U.S. proposes less costly pollution rule on boilers
WASHINGTON (Reuters) - The U.S. environmental regulator said on Friday it slashed the cost of proposed pollution rules on industrial boilers by $1.5 billion year by allowing some plants to fine tune existing equipment or burn cleaner fuels.
The Environmental Protection Agency, under pressure from Republicans and industrial groups who accuse it of pushing for clean air rules that will cost companies with billions of dollars, has been looking for ways to ease costs and increase flexibility.
The EPA on Friday proposed rules it says are more flexible than ones the agency introduced in 2010. The rules allow some plants to do maintenance on equipment, avoiding costs from adding new controls or replacing boilers.
More than 99 percent of the country's boilers, from heavy industry to small businesses and universities, are either clean enough and not subject to the new rules, or will only need to do tune ups and maintenance to comply.
The agency said health benefits from reduced pollution would be maintained.
"Gathering the latest and best technical information and real-world data has helped us find ... the sweet spot that's affordable, practical regulations that provide the vital and long overdue health benefits Americans demand and deserve," Gina McCarthy, the EPA assistant administrator for air, told reporters in a teleconference.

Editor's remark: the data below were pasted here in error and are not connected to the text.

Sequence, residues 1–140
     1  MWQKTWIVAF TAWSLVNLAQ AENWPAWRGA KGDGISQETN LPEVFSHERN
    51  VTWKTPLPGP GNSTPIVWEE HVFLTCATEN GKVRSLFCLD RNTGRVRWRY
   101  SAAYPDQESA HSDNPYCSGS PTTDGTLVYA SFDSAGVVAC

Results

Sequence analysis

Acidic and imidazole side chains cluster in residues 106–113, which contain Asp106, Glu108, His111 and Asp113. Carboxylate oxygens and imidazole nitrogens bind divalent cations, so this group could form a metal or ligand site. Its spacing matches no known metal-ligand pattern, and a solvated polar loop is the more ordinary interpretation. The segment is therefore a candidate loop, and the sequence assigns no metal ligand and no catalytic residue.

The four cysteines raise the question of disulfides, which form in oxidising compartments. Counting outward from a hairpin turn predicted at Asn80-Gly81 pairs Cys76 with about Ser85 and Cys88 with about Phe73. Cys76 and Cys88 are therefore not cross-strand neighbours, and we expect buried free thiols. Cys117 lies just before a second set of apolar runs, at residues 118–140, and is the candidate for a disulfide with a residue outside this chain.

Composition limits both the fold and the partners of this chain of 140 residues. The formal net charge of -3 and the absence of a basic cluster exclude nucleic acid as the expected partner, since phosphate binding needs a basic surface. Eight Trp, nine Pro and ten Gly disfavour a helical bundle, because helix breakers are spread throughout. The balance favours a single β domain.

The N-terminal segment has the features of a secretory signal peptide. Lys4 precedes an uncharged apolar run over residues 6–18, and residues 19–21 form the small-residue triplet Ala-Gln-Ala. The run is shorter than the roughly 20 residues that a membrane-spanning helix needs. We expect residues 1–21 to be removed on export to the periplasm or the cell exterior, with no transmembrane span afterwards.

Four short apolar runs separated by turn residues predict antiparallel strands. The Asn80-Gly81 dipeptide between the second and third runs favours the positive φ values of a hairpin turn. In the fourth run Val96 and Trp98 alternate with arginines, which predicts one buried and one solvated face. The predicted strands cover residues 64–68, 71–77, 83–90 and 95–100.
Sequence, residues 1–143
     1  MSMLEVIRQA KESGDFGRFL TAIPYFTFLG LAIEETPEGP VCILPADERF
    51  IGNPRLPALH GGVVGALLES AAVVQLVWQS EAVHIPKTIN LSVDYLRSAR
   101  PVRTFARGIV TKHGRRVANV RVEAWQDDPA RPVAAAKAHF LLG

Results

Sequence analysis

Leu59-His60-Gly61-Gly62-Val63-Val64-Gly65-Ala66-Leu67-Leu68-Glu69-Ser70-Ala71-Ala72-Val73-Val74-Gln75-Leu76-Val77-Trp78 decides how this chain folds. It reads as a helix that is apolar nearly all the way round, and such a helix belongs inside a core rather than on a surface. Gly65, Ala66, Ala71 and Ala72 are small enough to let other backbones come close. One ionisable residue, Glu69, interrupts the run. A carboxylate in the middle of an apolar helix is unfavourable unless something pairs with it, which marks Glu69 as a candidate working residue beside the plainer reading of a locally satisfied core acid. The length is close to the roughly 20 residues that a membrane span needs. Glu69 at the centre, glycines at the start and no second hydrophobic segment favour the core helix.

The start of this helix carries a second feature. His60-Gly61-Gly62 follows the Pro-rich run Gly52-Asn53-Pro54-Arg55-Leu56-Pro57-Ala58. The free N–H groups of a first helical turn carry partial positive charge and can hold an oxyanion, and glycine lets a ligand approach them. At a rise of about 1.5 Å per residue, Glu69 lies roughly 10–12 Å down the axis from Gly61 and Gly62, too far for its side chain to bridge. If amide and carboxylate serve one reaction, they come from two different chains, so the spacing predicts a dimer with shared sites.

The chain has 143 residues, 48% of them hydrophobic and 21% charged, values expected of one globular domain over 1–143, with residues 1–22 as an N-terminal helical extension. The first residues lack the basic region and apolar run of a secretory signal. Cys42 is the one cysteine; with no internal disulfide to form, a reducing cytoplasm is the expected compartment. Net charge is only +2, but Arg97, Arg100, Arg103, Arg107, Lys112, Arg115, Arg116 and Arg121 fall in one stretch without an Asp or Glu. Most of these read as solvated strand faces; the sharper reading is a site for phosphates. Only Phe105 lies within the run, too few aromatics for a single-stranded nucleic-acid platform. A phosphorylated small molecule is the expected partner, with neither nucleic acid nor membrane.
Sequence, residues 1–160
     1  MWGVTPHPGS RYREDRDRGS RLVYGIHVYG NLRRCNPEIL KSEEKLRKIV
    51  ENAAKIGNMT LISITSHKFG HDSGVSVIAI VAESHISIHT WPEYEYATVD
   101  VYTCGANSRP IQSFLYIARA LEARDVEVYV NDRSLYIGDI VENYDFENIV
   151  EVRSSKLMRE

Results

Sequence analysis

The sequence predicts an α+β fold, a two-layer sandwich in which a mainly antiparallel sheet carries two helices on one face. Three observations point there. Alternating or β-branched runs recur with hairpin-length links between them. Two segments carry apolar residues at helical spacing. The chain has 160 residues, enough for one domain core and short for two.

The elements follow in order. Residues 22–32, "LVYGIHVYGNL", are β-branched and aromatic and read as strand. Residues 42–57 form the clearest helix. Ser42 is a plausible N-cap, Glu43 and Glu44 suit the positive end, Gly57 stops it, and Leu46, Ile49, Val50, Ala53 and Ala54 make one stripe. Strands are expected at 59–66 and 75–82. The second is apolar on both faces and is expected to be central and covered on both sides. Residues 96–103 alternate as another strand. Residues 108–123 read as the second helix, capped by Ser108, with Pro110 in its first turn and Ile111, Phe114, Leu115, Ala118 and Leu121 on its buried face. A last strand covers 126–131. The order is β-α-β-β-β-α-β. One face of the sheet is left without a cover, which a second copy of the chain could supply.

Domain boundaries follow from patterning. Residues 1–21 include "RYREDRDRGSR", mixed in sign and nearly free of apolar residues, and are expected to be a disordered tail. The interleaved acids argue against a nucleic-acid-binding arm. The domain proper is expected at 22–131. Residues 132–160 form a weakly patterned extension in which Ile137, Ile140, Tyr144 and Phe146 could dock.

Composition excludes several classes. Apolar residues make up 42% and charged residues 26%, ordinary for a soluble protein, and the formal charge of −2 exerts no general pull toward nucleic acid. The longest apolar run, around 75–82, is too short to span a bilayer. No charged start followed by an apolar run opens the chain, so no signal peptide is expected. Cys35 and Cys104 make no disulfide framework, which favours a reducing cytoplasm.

The EPA said the rules would cost industry about $2.3 billion a year, not the $3.8 billion in a previous proposal made last year.
The boiler rule would set limits on mercury and other toxic emissions on about 5,500 boilers at refineries, chemical plants, and heavy industry plants, the EPA said.
About 196,000 boilers would need to do annual tune ups and take other steps to minimize toxic emissions.
The agency estimates that for every dollar spent to cut the pollutants, the public will save some $12 to $30 in health costs.
Babcock and Wilcox Co and other boiler makers could benefit from the rules, while some big chemical and heavy industry companies could see extra costs.
Boilers burn fuel including coal, fuel oil and biomass to produce steam to make electricity.
A health group cheered the proposed rules. "This is an important step forward by the EPA," the American Lung Association said.
It encouraged the agency to "uphold its responsibility as required by the Clean Air Act" to prevent cancer, heart attacks, and other health problems resulting from particulates and other pollution from boilers and incinerators.
The EPA will hold a 60-day comment period on the rules and expects to finalize them by spring 2012.